ICAA’s Guidelines for effective communication with older adults

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Introduction

 

An overarching goal of International Council on Active Aging’s Changing the Way We Age® Campaign is to shift society’s perceptions of aging. As part of the campaign’s “Rebranding Aging” objective, ICAA’s guidelines for effectively communicating to, and about, the aging population is a tool that can be used to promote a more realistic and complete picture of what it means to become and be old in North America.

People communicate to share their thoughts and perspectives—and often to inform, convince or persuade others. Speech, imagery, body language, writing, hand movements and art are popular tools for communicating messages. Just as the population of people 50 years or older is highly diverse, so are the groups of people who communicate with them: marketers and advertisers; professionals working in health promotion, senior living and social services; teachers and program leaders; family members; health care providers—not to mention peers and friends.

 

Recognizing the need to match communication with purpose, ICAA’s guidelines are structured for multiple groups of users. “Part I: Guidelines for accurately representing older adults” is an overview of key philosophies to guide decision-making about attitudes, words and images. Part I is a useful tool because it brings together in one place the style guides, opinions and research of multiple organizations and shareholders, anchored in the experiences and viewpoints of ICAA’s leadership, advisors and members.  Part II will provide more specific recommendations for messaging and print. Part III will concentrate on phrasing and approaches when speaking in person with one or more individuals.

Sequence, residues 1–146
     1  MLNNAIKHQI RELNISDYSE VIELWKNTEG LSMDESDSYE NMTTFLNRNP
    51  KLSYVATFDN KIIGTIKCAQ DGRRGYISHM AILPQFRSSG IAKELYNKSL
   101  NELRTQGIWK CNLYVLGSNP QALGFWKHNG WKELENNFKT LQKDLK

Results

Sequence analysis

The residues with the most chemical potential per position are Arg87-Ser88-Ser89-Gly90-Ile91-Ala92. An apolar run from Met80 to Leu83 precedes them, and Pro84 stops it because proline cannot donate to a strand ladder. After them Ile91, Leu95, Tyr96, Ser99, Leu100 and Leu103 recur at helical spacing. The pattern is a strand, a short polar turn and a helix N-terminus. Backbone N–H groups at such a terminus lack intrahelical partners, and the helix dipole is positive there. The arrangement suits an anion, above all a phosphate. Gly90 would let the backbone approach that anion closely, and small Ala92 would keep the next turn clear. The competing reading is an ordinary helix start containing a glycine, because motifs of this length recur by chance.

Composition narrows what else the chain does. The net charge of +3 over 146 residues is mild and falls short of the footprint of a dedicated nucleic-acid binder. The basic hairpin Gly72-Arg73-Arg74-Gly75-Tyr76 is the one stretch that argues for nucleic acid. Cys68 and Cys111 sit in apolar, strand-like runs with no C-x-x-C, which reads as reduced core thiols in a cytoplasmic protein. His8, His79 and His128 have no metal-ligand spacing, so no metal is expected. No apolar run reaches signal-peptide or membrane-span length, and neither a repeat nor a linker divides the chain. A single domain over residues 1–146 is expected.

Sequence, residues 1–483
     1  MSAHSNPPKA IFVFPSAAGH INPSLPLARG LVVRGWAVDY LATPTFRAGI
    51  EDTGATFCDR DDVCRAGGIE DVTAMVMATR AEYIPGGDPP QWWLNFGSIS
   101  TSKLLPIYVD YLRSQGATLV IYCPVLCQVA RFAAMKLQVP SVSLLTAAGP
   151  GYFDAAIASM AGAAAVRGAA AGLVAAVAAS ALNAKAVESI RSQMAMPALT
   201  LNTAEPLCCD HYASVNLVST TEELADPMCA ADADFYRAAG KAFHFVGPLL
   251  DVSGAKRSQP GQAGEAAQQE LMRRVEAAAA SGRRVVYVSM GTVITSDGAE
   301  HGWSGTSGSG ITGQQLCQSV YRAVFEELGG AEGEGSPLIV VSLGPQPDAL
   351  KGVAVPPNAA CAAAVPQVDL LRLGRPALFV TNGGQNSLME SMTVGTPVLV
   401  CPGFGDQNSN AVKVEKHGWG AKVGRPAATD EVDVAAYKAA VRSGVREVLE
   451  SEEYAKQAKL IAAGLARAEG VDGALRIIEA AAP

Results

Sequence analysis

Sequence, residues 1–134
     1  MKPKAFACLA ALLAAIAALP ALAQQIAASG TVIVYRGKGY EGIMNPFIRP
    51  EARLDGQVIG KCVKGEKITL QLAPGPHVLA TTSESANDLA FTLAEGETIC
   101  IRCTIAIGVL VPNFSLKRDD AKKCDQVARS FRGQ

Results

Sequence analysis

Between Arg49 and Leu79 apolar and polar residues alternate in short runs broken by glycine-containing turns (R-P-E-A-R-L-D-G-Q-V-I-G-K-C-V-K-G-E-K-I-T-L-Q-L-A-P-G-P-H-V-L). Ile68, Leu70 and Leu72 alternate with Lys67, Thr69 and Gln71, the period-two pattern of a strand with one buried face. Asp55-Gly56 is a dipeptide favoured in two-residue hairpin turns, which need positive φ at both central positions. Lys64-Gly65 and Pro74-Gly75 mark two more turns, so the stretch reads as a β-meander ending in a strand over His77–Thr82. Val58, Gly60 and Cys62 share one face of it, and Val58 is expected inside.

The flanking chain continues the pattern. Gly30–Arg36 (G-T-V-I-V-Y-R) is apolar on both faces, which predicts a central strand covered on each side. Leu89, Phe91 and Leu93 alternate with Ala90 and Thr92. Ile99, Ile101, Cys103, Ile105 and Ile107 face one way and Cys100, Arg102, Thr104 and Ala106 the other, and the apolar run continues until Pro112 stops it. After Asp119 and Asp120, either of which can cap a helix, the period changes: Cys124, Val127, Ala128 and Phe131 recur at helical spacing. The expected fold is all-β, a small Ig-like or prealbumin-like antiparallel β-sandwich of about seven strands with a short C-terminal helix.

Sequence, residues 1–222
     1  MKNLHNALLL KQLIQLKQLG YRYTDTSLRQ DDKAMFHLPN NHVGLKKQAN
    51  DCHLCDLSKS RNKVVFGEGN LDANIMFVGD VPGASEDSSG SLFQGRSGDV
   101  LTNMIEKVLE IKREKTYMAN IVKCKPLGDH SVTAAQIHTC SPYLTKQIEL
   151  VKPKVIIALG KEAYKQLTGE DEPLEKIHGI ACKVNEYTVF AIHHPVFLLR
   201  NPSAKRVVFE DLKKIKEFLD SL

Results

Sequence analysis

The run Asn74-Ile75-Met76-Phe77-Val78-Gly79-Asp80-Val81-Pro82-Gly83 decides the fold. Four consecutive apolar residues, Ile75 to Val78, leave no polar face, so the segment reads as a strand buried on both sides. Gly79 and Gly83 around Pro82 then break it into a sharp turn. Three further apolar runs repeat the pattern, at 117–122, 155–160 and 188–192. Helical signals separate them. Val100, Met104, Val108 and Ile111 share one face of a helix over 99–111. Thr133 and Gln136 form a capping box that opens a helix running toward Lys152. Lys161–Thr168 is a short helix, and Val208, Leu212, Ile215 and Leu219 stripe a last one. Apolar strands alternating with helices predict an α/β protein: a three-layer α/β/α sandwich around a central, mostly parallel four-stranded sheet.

As the guidelines state, language is fluid and dynamic, as are the images and gestures used to communicate. As the association that has been defining and leading the active-aging industry since 2001, ICAA will continue to provide the resources that enable professionals, peers, family members and friends to effectively identify and respond to the needs, dreams, desires, capabilities and expectations of burgeoning numbers of older people.

 

Next: Basic strategies for language and imagery

 

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